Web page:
Future Europe

France is not the only country that is gearing up to meet the March 2019 deadline. The negotiations over the Irish border and the Brexit deal stumbled again. On the 3rd of October, the French parliament’s upper house published a draft bill that will introduce an obligation for British citizens to get a visa to enter France as well as a working and residence permit called the “carte de séjour” should the UK leave the European Union without an agreement.

“In the event of withdrawal by the United Kingdom without agreement, British nationals who enjoy the right of free movement and free establishment throughout the European Union, as well as members of their family, will become nationals of third parties and will therefore in principle be subject to common law, that is to say to the requirement to present a visa to enter the French territory and to justify a residence permit to stay there,” the draft bill reads[1].

The French Sénateurs also said in diplomatic yet clear terms that they will be looking carefully to see how the United Kingdom will treat French residents in case the UK drops out without a deal. “The (French) government is very attentive to the situation and the rights of French nationals living in the United Kingdom. The Government will take appropriate measures relating to the situation of British nationals in France. It will take into account the status granted by the United Kingdom to our nationals on its territory,” the document says.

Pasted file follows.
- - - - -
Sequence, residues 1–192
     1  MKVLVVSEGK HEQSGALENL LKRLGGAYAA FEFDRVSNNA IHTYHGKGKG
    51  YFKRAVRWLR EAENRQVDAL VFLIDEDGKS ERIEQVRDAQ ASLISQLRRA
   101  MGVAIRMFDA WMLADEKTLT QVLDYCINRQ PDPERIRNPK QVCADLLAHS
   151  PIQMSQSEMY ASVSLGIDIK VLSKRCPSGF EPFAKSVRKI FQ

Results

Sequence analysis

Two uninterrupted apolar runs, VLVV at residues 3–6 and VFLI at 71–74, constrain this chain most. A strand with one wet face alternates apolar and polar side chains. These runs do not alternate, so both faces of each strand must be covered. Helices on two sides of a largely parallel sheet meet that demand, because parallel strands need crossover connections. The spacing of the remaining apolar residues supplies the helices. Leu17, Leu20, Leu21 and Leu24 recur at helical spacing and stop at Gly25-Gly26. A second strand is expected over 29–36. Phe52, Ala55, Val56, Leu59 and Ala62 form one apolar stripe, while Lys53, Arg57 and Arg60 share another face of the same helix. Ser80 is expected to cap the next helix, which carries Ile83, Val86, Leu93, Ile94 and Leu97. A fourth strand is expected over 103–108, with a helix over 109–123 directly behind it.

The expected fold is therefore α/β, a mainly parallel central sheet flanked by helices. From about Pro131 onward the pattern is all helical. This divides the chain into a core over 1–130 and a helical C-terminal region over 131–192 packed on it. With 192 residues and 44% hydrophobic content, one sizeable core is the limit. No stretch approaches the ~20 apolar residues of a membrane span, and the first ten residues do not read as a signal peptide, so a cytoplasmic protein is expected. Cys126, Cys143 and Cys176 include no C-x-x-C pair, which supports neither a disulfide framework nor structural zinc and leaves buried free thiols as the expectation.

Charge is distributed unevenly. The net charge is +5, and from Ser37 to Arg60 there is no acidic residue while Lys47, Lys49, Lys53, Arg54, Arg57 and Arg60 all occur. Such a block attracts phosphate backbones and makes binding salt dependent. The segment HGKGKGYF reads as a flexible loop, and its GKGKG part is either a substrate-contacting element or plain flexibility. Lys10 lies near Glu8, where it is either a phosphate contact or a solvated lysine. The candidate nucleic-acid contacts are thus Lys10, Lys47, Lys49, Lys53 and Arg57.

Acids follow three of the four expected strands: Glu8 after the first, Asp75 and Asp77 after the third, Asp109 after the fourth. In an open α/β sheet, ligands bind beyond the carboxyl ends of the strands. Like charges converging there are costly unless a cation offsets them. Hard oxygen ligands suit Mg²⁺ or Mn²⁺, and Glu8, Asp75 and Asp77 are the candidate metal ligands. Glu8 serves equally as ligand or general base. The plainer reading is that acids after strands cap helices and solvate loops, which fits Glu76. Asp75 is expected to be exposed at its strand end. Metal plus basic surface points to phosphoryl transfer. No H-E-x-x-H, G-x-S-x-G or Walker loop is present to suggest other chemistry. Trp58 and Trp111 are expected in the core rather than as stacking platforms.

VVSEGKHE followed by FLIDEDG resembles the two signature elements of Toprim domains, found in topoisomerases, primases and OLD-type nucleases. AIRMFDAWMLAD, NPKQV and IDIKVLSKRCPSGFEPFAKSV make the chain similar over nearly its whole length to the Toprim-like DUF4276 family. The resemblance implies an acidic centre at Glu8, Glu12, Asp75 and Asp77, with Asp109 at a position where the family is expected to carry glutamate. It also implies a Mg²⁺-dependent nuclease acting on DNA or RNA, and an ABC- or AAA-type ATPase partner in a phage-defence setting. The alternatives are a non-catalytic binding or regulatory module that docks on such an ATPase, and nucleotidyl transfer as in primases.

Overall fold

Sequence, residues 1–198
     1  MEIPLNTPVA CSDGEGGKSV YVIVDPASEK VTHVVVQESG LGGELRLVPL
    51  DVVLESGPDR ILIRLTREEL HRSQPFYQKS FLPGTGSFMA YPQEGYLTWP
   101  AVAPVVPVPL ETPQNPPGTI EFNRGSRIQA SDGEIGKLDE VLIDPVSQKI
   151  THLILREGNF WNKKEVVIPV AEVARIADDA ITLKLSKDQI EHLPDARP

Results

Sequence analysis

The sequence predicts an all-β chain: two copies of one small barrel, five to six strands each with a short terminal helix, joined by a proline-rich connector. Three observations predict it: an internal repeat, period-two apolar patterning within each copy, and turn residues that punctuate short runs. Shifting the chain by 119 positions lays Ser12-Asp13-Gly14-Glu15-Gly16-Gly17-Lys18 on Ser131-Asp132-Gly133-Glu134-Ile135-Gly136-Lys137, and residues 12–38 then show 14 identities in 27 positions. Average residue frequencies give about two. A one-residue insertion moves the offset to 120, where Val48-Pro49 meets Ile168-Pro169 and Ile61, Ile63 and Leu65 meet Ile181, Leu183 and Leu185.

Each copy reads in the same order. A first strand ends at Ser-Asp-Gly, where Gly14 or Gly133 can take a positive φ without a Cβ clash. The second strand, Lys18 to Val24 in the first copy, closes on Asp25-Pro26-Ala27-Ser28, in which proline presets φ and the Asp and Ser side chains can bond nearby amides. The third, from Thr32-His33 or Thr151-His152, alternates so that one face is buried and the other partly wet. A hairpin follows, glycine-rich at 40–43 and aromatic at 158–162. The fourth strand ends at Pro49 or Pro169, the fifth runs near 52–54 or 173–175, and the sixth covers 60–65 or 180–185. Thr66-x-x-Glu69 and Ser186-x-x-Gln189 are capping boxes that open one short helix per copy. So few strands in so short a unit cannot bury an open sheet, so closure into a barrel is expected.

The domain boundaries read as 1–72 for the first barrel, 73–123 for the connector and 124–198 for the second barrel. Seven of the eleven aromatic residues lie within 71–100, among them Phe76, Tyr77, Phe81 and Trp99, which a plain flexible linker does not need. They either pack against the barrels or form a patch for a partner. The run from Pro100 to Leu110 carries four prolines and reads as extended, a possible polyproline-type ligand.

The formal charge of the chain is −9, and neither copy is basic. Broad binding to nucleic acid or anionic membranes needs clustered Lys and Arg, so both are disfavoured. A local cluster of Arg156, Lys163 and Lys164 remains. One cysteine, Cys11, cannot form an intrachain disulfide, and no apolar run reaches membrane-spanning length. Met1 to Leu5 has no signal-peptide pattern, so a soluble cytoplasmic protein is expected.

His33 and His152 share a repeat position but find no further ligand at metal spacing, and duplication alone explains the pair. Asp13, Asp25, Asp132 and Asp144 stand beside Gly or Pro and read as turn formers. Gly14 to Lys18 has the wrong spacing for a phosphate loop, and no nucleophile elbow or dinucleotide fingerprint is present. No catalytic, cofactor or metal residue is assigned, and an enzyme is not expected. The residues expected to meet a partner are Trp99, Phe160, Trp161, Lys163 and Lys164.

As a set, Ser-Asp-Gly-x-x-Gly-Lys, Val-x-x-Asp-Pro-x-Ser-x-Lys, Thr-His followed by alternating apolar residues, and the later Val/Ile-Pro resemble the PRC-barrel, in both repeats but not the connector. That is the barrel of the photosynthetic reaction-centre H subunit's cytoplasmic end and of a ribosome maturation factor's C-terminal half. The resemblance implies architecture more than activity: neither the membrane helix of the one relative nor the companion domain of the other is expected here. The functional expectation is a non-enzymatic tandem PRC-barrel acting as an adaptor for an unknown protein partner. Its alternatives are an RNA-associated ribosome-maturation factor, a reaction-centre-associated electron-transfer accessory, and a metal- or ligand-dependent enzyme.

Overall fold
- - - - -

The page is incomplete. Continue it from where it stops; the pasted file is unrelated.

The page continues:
France is not accelerating too much – the October Brexit deadline yielded deadlock and with negotiations over Britain’s withdrawal from the EU at an impasse, U.K. Prime Minister Theresa May arrived at what was supposed to be a climactic EU leaders’ summit with no new proposals to unlock the vexed Irish border question.

Her government is, though, now “ready to consider” the notion of a longer transition period — something may have indicated in a 15-minute, pre-dinner address to EU27 leaders, a senior EU official said. That in itself is a remarkable turnaround after months of insisting that just under two years was sufficient amid Brexiteers’ angst that Britain could not tolerate being subject to EU laws (and financial demands) for a moment longer.

But no one shared her optimism since there was no new proposal. The EU27 leaders stand ready to convene a European Council, if and when the Union negotiator reports that decisive progress has been made. For now, EU27 is not planning to organise an extraordinary summit on Brexit in November,” an EU official said.


[1] See

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